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Pediatr Emerg Care. 2017 Nov;33(11):e118-e121. doi: 10.1097/PEC.0000000000001291.

Short-Term Propofol Infusion and Associated Effects on Serum Lactate in Pediatric Patients.

Author information

1
From the *Children's Hospital of Michigan, Detroit, MI; and †Rainbow Babies and Children's Hospital, University Hospitals, Case Medical Center, Cleveland, OH.

Abstract

OBJECTIVES:

This study aimed to determine if short-duration procedural sedation in children with propofol is related to an adverse metabolic stress response measured by serum lactate. Propofol infusion syndrome is associated with high-dose and long-duration infusion. It has not been studied with short-duration, outpatient propofol administration.

METHODS:

This was a prospective, longitudinal study that included 50 patients between the ages of 2 and 18 years who were undergoing outpatient procedural sedation with propofol at a pediatric sedation unit. Patients received bolus or bolus and continuous infusion doses of propofol. Serum lactate values were obtained before and after the patients' sedated procedures.

RESULTS:

The average length of procedure was 40.3 minutes, and the mean dose of propofol per patient was 8.2 mg/kg. The highest measured lactate value was 1.8 mmol/L. The average (SD) preprocedure and postprocedure lactate values were 1.0 (0.3) and 0.7 (0.2) mmol/L, respectively, resulting in an overall significant decrease in lactate of -0.3 (0.3) mmol/L (P < 0.001). There was a significant (P = 0.01) positive relationship between age and postprocedure lactate value, when controlling for the length of the procedure in a multivariable regression. No significant association was found between propofol dosage and length of the procedure with lactate values.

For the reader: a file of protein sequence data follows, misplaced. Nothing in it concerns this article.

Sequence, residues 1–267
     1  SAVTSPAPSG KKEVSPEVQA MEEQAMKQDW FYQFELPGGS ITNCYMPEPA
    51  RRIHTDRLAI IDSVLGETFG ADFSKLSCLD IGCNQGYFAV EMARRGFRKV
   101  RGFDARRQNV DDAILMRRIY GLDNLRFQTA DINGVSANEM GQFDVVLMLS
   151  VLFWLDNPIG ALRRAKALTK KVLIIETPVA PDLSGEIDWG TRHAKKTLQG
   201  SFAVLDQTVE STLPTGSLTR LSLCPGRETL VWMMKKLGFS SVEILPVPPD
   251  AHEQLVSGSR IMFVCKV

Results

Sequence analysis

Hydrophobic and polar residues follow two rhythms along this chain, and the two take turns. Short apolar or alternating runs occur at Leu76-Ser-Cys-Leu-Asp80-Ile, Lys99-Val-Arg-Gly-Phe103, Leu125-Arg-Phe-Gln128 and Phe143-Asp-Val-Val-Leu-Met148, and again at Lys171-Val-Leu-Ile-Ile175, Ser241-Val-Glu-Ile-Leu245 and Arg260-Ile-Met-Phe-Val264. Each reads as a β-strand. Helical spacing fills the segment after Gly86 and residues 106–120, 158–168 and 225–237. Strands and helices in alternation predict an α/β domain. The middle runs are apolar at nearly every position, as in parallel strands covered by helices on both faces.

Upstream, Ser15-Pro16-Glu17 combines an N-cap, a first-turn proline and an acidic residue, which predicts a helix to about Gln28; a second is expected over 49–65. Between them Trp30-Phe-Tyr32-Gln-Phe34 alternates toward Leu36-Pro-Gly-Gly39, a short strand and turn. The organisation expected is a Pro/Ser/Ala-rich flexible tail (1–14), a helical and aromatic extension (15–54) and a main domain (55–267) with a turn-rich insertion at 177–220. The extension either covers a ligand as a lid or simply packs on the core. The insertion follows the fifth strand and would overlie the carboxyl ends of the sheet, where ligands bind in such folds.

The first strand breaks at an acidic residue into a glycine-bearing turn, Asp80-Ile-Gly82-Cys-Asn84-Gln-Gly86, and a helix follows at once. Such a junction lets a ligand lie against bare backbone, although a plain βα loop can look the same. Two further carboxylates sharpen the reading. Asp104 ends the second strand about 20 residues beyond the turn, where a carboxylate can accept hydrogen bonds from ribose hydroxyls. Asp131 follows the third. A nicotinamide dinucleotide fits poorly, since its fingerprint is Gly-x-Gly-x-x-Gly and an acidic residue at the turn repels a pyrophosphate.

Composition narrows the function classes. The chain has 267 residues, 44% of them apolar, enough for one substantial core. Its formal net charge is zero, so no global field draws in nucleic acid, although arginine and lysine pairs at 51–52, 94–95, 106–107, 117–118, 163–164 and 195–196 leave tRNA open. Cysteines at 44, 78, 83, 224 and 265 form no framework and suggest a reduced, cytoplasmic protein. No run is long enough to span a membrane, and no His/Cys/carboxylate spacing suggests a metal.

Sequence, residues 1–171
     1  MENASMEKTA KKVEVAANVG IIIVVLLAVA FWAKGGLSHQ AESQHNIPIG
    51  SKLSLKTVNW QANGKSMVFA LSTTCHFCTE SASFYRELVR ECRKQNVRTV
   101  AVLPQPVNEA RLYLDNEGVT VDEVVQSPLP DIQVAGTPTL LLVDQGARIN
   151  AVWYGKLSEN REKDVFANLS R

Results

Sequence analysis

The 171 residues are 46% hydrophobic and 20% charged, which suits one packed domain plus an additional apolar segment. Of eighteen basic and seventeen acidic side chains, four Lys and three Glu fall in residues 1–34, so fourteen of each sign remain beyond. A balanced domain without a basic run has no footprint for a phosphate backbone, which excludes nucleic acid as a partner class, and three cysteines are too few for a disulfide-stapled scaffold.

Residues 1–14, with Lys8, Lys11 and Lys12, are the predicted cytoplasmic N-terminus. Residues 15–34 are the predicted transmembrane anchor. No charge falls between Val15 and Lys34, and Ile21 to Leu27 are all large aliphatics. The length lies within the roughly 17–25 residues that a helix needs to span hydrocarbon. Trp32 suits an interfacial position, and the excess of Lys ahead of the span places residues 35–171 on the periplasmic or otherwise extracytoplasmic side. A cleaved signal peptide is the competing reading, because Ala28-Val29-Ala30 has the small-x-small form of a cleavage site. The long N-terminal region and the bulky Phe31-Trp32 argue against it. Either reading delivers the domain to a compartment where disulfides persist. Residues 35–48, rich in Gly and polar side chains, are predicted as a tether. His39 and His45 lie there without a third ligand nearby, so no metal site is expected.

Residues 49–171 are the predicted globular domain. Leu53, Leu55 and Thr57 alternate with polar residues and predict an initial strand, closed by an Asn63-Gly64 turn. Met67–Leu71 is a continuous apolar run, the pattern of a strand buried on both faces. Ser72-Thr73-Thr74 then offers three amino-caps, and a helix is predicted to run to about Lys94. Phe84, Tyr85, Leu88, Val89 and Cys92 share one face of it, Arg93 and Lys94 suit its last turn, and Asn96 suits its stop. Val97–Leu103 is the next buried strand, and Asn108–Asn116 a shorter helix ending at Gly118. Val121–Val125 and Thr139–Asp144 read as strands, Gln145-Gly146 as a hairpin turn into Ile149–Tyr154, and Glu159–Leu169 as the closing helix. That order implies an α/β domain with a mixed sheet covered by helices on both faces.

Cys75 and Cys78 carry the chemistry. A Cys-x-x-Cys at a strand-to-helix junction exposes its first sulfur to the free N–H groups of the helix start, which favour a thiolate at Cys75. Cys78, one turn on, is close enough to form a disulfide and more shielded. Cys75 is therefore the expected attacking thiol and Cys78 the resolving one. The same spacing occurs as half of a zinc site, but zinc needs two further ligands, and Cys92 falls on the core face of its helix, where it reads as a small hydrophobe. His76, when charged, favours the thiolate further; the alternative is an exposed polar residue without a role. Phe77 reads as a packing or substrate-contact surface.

CONCLUSION:

In this study, we did not find a significant increase in metabolic stress, measured by serum lactate. Using propofol for short-duration procedural sedation may not carry similar risks for propofol infusion syndrome to those for long-duration/high-dose infusion therapy.

PMID:
29095778
DOI:
10.1097/PEC.0000000000001291
[Indexed for MEDLINE]

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